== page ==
As featured in The Harmonizer.
The Dealer’s Choice “expanded sound” techniques that help create perfectly tuned chords.
This vowel matching program was originally developed by Mac Huff while serving on the music staff of the Barbershop Harmony Society many years ago. Its purpose was to enhance the blend and “expand” the unit sound of a vocal group by training the singers to produce matched vowel sounds. The time required to accomplish each step in the program will vary by the number of singers in the group, the number of voice parts, and the relative variety of natural qualities and dialects. It also requires a lot of feedback from outside ears.
This program, if strictly followed, can have significant positive influence on quality and consistency of sound, projection and lyric understandability. If a singing group spends twenty to forty minutes a rehearsal on this program until completed, the enhanced sound produced in the exercise will almost unconsciously improve the sound quality of the group’s entire repertoire. It will greatly reduce the need to correct individual sound problems. It transcends the tedious job of working on one phrase at a time. It is a much more efficient approach to improving the overall quality of the group’s sound.
The program utilizes a basic exercise involving 10 pure vowel sounds which, when sung alone or in certain combinations, can produce all the vowel and diphthong sounds in the English language.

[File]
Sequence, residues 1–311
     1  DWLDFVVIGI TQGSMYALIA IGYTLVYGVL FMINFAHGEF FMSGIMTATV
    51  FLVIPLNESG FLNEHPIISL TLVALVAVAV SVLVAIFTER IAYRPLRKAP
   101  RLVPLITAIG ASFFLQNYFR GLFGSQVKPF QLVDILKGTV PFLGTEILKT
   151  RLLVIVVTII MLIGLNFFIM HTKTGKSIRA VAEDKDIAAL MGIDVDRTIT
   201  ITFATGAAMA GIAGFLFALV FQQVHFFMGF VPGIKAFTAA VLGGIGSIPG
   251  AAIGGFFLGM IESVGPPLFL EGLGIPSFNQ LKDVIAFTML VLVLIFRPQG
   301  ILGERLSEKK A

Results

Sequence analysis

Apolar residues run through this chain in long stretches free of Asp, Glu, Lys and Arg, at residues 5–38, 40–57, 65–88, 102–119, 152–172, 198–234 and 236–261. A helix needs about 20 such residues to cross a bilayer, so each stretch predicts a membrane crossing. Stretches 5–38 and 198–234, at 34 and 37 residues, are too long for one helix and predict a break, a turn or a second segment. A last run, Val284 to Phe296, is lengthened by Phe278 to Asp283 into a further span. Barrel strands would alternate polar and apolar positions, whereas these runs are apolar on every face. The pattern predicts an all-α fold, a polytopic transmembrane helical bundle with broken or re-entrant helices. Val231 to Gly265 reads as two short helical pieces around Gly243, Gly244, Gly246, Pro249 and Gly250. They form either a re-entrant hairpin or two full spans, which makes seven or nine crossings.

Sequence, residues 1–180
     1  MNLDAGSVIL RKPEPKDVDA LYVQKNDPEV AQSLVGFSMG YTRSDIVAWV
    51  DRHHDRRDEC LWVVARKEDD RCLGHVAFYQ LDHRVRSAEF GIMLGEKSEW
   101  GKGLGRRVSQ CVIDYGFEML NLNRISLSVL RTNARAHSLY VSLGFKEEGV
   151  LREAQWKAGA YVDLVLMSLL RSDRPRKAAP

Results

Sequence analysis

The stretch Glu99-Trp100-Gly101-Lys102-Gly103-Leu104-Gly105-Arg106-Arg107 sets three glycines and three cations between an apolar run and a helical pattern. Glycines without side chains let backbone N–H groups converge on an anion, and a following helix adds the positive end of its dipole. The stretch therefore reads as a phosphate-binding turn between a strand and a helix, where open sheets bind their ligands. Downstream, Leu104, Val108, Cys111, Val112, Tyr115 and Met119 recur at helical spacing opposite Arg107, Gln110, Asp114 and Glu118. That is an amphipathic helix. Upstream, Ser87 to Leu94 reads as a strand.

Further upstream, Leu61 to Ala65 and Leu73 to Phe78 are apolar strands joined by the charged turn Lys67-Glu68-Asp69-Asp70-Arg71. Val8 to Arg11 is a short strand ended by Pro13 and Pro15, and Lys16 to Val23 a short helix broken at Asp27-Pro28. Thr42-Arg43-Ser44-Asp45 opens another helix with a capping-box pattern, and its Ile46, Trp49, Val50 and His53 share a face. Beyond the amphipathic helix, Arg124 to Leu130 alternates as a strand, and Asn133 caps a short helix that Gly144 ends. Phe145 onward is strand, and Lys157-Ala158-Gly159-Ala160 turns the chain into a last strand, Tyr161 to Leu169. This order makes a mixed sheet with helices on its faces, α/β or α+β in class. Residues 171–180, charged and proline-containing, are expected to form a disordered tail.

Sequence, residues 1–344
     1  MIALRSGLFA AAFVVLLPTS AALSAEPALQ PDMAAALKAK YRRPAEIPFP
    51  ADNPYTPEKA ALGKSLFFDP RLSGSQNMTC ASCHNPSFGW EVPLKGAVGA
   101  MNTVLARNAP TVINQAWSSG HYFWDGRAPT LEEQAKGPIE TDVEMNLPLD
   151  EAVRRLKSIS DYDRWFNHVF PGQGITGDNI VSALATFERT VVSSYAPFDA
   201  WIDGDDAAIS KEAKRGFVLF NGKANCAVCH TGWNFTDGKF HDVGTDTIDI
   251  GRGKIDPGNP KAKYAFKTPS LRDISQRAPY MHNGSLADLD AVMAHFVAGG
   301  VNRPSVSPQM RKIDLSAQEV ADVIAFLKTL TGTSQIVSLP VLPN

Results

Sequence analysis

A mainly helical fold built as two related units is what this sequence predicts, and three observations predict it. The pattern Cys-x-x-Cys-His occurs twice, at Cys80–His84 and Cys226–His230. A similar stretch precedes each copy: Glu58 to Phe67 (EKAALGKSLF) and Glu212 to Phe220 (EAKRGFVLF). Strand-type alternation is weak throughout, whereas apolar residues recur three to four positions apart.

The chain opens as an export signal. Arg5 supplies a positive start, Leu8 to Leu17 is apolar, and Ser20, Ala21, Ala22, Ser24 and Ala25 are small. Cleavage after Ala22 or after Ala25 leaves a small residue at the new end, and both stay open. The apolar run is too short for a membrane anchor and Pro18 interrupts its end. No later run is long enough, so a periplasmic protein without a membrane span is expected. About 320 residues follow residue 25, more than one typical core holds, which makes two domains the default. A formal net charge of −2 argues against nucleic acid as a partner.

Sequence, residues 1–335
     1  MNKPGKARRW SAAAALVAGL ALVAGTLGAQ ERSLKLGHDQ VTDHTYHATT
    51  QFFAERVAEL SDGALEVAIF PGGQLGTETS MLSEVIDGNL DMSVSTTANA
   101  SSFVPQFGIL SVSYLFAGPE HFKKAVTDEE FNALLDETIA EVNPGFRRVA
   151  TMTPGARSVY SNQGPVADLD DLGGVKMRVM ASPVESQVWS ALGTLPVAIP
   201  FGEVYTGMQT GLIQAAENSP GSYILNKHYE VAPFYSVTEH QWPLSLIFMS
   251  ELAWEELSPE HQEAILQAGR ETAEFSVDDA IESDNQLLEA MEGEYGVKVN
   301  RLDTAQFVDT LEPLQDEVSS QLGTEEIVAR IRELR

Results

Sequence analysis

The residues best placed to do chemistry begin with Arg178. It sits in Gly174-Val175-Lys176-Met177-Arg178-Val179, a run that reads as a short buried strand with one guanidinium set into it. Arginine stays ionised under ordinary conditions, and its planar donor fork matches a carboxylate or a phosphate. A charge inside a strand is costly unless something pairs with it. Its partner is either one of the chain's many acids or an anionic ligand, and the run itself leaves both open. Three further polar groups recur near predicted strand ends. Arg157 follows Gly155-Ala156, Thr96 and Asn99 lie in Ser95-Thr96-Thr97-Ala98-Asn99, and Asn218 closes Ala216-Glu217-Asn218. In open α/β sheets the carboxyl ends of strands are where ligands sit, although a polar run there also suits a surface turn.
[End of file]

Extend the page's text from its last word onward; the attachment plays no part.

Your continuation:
The 10 pure vowel sounds are listed in the table below, ranked generally in order of natural focus from forward to back:
In the example words above, most words have singable consonants surrounding the pure vowel sounds. Energizing through these singable consonants and synchronizing the transitions from consonant to vowel and back to consonant are secondary missions of this program.
In 1973, Dealer’s Choice quartet not only won our international contest on its first attempt, but changed the sound of barbershop harmony forever. Their innovative “expanded sound” techniques create a stream of beautifully locked chords and a sonic richness that continues even through the consonants. Virtually all of today’s top barbershop quartets and choruses use some variation of the principles that were first brought to the art form by Dealer’s Choice. This article is an excerpt of a much larger work that Dealer’s Choice bass Gary Parker authored called “Basic Group Singing Technique.” The larger work is available for sale from the author.